Contributor: Kristina England

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Diane leaned into the counter, stared at her reflection in the microwave. She rolled a plastic cap along her palm.

The cat pounced into the room. She was always a pouncer. So light of foot, so happy. Diane smiled half heartedly as the feline rubbed against her leg.

She walked over to the back door, opened it, peered out at the trees. A tumbler skirted the yard, then flew inward and landed on the porch about five feet from her.

The pigeon poked its head around.

Diane immediately felt the cat’s eyes narrow. She put her body in the door as a stopper. The cat stuffed her face in the back of Diane’s knee and began to nudge her repeatedly.

Domesticated. That was the tumbler. Her cat - not as domesticated as she would have liked. But the same could be said about Diane.

Of course, more unique was the tumbler’s ability to tumble backwards in flight.

Diane slid a piece of hair behind her ear. She hadn’t showered in days. She pushed the cat back with her leg and closed the door. The tumbler took off but did not perform for her in its departure.

She knew what it was like to tumble backwards. But for her, tumbling was not fancy, it was not desirable. Tumbling always meant a fall, a bruise. And every tumble took another person with her.

Diane wiped her eyes with the back of her sleeve and walked upstairs.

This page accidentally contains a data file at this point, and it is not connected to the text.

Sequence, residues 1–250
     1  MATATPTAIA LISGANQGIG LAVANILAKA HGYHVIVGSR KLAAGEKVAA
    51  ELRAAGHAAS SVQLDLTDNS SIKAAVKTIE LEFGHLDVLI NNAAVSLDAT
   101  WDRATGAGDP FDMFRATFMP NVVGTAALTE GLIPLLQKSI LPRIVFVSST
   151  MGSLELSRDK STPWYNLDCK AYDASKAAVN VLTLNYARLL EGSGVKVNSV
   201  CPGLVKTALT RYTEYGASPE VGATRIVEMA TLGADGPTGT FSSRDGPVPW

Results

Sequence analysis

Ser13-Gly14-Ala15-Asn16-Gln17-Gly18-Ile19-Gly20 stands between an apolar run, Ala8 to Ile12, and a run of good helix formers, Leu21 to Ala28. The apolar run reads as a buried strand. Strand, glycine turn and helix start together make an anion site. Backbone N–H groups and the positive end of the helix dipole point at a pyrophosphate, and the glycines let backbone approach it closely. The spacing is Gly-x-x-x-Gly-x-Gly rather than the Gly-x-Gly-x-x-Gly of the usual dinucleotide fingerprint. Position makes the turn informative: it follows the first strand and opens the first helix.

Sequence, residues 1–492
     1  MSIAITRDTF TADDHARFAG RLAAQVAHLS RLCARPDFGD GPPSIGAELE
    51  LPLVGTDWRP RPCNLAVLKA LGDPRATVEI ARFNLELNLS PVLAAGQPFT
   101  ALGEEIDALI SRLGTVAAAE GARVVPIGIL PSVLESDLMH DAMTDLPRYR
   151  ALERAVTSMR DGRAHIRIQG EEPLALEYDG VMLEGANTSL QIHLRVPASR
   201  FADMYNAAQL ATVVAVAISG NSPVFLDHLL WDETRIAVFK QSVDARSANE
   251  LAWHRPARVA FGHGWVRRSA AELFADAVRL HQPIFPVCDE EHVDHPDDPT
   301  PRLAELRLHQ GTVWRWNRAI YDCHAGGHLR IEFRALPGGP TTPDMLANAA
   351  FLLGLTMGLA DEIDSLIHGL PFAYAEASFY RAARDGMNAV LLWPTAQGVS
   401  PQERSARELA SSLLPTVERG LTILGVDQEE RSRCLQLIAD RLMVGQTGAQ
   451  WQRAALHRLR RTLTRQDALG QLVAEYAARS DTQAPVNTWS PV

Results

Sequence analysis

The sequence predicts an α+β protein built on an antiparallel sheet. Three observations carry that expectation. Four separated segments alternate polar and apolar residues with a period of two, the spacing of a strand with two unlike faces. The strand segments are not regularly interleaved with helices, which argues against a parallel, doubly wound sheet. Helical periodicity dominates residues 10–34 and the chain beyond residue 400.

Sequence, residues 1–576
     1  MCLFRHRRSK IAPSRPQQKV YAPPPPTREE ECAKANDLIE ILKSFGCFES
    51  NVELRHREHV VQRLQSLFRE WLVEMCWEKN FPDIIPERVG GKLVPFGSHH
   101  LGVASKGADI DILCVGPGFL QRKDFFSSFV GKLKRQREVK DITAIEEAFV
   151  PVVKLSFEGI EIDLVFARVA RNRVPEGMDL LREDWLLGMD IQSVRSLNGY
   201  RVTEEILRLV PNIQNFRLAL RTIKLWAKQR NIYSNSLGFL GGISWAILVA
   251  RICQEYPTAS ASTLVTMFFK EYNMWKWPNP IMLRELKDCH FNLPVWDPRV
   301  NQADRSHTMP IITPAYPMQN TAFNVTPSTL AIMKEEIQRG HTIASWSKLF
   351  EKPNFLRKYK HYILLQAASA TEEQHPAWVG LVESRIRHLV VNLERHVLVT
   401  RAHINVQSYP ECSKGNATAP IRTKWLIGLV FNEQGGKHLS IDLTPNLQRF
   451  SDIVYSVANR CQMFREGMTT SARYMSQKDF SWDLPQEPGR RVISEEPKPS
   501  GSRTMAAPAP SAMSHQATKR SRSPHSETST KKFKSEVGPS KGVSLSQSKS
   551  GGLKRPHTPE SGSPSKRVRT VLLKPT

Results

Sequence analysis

She had tumbled backwards all her life. Every time someone tried to push her forward, she propelled herself in the opposite direction. She was resistant to anything that disrupted routine. So her boss had told her. So her mother had told her. So her therapist had told her. Years and years of people telling her what she felt, yet could not get under control.

Now, after years of tumbling, after years of rolling away, there was no one left to tumble towards. Friends, family, coworkers, had all stopped watching her flight, had all stopped waiting for her pattern to change.

Diane stripped off her clothes, sank into the bathtub. The water, cold from sitting, pickled her skin. She pushed her head underwater, opened her eyes, looking for signs of air.

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Kristina England resides in Worcester, MA. Her writing has been published in Haggard and Halloo, Haibun Today, OVS, Pound of Flash, Streetcake, and other magazines.
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